Ms. TUCKER: Something that I see in my world, especially in middle class families that needs to be talked about is when they're buying these kids these high gadget gifts to stay trendy and their rent is not paid, and their mortgage is not paid. Now we got a big problem with that.

I'm in the store, I kid you - my neighbor and she's complaining about, you know, she needs this amount a month for her mortgage. Now I'm looking at her and I'm looking down at the kid because he has this smartphone with the, you know. And I'm looking at her, and looking at the phone, I'm looking at the, you know, while she's going through this whole talk about, oh my god I, you know, I just don't know. I am like $300 short. So I'm looking, you know, I'm trying to get her to get the message, you know, follow the eyes - phone, rent, phone, rent.

(Soundbite of laughter)

Ms. TUCKER: And I'm finding that, especially in middle class where I live, you know, suburban areas, these parents, I'm like, you want this child to be so in the know and so to have that you can't live in that phone. So come on, you know, because she goes - and then she looks at me, well, your kids have both. I say your dadgone(ph) right, for $50 a month. That's it. You know, that's all we pay and the phone cost $40. Okay and my rent's paid. You know, it's got to be a priority thing. But there are so many of these parents out here, I kid you not, that are going broke to buy these gadgets for these kids because they want them to be trendy.

MARTIN: Wow. Well, break it down.

(Soundbite of laughter)

MARTIN: Leslie, you wanted to say something, and after you do I have a question for you.

Ms. STEINER: I think that the other part of going broke can be sort of a spiritual going broke or being so focused on yourself. And my eight-year-old would really like to get a cell phone for Christmas. My 12-year-old would really like to get a really fancy iPhone. Neither one of those are going to get those.

But when they ask about it, I kind of let a silence fall and then I look at them and I say and what are you getting mommy for Christmas? Because I pretty much guarantee you they have not thought for one second what they're getting mommy and that really stops the conversation.

MARTIN: Can I, we are all moms here so I would like to ask if there were dads here, do you think they might have a different perspective on this because...

Ms. TUCKER: Oh, yeah.

MARTIN: ...not to stereotype people, but I think sometimes dads are more interested in technology than perhaps moms are. And I do wonder if the dads were here if they might have a different view of this? Portia, what you think?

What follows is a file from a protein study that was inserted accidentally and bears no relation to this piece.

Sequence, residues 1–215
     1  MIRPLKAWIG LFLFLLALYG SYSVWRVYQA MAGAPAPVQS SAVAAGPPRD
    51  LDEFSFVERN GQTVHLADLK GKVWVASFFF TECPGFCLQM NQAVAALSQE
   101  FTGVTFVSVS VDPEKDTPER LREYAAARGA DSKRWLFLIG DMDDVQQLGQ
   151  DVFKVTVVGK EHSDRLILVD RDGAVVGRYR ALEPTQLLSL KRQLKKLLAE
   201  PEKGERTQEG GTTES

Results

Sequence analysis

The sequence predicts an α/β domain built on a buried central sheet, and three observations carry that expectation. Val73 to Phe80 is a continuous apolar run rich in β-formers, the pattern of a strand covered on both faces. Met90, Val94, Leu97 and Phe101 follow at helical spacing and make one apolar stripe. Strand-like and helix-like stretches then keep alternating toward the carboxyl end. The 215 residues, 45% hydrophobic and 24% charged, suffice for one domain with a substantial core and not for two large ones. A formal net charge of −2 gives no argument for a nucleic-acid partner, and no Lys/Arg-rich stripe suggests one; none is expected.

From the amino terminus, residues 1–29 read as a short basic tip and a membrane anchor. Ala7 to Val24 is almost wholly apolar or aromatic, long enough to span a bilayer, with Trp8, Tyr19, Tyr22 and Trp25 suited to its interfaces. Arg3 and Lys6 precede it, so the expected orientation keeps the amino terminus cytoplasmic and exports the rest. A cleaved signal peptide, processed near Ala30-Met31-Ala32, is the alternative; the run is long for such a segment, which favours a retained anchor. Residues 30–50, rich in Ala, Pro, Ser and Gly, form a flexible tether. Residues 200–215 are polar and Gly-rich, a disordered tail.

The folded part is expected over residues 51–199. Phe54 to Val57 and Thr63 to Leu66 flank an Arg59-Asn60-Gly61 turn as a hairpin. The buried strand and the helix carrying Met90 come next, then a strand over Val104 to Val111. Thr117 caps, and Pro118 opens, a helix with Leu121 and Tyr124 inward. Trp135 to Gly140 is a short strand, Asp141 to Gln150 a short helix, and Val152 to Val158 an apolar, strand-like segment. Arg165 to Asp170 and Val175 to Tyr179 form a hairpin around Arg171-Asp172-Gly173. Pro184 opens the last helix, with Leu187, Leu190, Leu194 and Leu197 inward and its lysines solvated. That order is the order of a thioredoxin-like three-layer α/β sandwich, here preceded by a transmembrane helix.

Ms. MIGAS: Absolutely. Now, I am the person who two years ago, as wonderful Uncle Andy and grandma and grandpa got all these fabulous gifts for my boys, from us they just got books. So let's say they, because - and they love their books. My husband and I both enjoy giving them books. But my husband more than I, I hope I'm not throwing you under the bus too much...

(Soundbite of laughter)

Ms. MIGAS: ...is more interested in this technological stuff. So as he looks to upgrading his iPhone, and we're looking at getting my 11-year-old whether or not he should get a cell phone for Christmas, what type of cell phone we should get him. And the question is is his choice much greater than my choice there?

MARTIN: Leslie, what you think? Do you think that if Perry were here he might have a different view of the matter?

Ms. STEINER: Well, I can sort of...

MARTIN: Well, he does get to weigh in obviously, because he lives there but...

(Soundbite of laughter)

Ms. STEINER: I could do like the whole PG thesis on why Perry has not thought for one second about gifts for the kids.

(Soundbite of laughter)

Ms. STEINER: One is that he's Jewish...

MARTIN: Well, yeah.

Ms. STEINER: ...so it's not his tradition. Two, he's like really last minute about giving gifts. And he would sort of rather get the kids what they need on an ongoing basis than make a really big deal about buying them something really special. But I think in terms of technology, he and I are really on the same page. We will get all of our children cell phones eventually. We will get them laptops when they, you know, as Portia's saying, when there is a need for it. But, and I think I tend to be a little more harsh.

Like another example, he's going to - Max is, one of his Christmas presents he's going to California to visit his favorite three boy cousins. He's not taking his laptop with him. And I know my husband is going to like hit the roof when I tell him this but, you know, he's going to visit his cousins, not to Skype with all of his school friends while he's in California. So I think that I am more harsh about technology overload and permissiveness, not so much in terms of gift giving but just in general family rules.

MARTIN: You know, this has been a really good discussion and I know it's been a good discussion because I'm more confused than I was at the beginning...

(Soundbite of laughter)

MARTIN: ...because now I really don't know - now I really don't know what to do here.

Leslie Morgan Steiner, Dani Tucker, Aracely Panameno are our regular Moms and contributors, and we also thank TELL ME MORE supervising senior editor and mom Portia Robertson Migas for joining us today.

Thank you all so much.

Ms. TUCKER: Thank you.

Ms. STEINER: Thank you.

Ms. PANAMENO: Thank you.

Ms. MIGAS: Thank you.

(Soundbite of music)

MARTIN: And that's our program for today. Im Michel Martin and this is TELL ME MORE from NPR News. Lets talk more tomorrow.